In December 2006, a city-wide mandate ordered New York City restaurants to begin phasing trans fats out of the foods they serve. In November 2008, the mandate turned into a full city-wide ban on restaurant trans fats. Today, reports show that the ban has been overwhelmingly successful, with the use of trans fats in restaurant food declining from 50% to less than 2%. Best of all, New Yorkers don’t miss them. Instead, the food is healthier and tastes better.
This is terrific news for the health of all New Yorkers, as well as anyone else who decides to jump on the no-trans-fat bandwagon. Trans fats, or vegetable fats artificially saturated by industrial machinery that adds hydrogen atoms onto their molecular structure, making them more solid and extending their shelf life relatively indefinitely, are about the worst thing a person can consume on a regular basis. Not only do trans fats grossly elevate a person’s risk of coronary heart disease by increasing “bad” and decreasing “good” cholesterol (one New England Journal of Medicine study estimated that between 30,000 and 100,000 heart attack deaths in the US are caused by trans fats), they play a suspected role in the ever-increasing prevalence of obesity, diabetes, and Alzheimer’s Disease in the United States.
Lest you think you don’t have to worry about all this because you never eat any trans fats, please be aware that anything listing partially hydrogenated oils of any kind in the ingredients (soybean is the standard) contains trans fats. Cookies, pies, cakes, breads, some chips, and many of the fried foods that you buy at the grocery store very often contain partially hydrogenated oils, or trans fats. If you can cut the amount of these fats in your diet to zero: excellent. The National Academy of Sciences has ruled that there is no such thing as a “safe” level of trans fat consumption, and no daily recommended amount exists.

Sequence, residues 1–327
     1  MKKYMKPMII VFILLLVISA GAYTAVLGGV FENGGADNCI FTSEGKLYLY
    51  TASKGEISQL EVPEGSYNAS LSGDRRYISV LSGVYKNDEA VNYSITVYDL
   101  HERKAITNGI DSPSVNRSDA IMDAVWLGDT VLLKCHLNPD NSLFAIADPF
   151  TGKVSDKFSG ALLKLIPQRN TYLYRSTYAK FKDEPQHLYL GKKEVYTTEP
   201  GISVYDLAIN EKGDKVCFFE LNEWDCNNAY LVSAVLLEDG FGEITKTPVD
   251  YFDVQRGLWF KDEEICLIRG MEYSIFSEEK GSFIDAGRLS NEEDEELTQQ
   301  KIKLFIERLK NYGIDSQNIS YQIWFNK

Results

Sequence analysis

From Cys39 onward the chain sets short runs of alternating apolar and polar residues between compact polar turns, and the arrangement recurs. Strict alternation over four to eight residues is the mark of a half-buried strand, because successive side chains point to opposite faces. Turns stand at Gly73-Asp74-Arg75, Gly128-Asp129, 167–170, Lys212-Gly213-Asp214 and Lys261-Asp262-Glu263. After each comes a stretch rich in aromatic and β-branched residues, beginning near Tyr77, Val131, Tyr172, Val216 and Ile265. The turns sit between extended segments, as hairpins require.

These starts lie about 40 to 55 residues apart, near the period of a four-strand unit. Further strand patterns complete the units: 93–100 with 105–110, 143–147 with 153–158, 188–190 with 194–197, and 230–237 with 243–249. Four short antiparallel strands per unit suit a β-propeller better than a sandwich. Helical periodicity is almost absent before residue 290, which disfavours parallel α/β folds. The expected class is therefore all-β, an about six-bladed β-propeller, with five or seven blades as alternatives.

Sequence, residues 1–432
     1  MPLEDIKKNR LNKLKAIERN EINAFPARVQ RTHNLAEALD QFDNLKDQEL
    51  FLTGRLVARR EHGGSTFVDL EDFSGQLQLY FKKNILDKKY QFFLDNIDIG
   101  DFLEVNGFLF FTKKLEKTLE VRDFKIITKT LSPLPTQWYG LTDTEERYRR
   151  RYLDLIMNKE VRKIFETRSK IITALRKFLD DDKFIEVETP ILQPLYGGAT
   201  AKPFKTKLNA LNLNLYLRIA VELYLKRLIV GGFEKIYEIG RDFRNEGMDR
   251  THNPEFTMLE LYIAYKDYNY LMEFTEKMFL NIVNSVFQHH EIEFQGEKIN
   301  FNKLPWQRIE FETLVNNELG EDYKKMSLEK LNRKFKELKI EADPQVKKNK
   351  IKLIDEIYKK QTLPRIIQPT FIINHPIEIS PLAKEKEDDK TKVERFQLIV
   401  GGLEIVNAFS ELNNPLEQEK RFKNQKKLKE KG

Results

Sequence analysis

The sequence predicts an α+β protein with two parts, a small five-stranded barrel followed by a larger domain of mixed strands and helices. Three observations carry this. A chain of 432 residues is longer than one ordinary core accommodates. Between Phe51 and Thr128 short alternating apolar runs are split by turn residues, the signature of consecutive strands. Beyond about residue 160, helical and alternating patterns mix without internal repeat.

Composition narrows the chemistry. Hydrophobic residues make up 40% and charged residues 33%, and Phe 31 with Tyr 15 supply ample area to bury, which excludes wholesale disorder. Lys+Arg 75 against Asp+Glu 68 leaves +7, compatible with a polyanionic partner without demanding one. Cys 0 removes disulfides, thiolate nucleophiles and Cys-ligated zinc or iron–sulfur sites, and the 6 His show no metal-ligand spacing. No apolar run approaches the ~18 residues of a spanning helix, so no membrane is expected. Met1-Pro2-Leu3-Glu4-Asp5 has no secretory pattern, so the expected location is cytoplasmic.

Though in New Jersey, there has been a sensible mandatory trans fat reduction in public school lunches, the state doesn’t have a trans fat ban. In fact, when former senator Ellen Karcher proposed a trans fat ban in New Jersey restaurants, she immediately began receiving physical threats and hate mail so vicious it forced her staff to temporarily shut down her office. Note:
Ms. Karcher sought a ban on trans fats because, she said, she believes their consumption contributes to obesity-related illnesses. (New Jersey spent $2.3 billion on obesity-related illnesses in 2003, half of which was paid for by taxpayers through Medicare and Medicaid, according to a 2006 report by the State Department of Health and Senior Services.)
“They kept screaming that they wanted choice,” Ms. Karcher said in a recent phone interview. “Well, it’s not like you can walk into a restaurant and say, ‘Give me trans fats or non-trans fat.’ It’s not like ordering chocolate or vanilla.” -Stacey Stowe, The New York Times
The knee-jerk reaction to preserve “choice” and “freedom” at the cost of Americans’ health (and accordingly, the taxes and government spending we use to pay for those of us in poor health) is simply ludicrous when it comes to trans fats. There is no rational reason why anyone should feel that he or she has a fundamental right to choose lumps of slimy white fat produced in a factory using million-dollar equipment. This slimy fat is killing Americans, and we should get rid of it as an option altogether.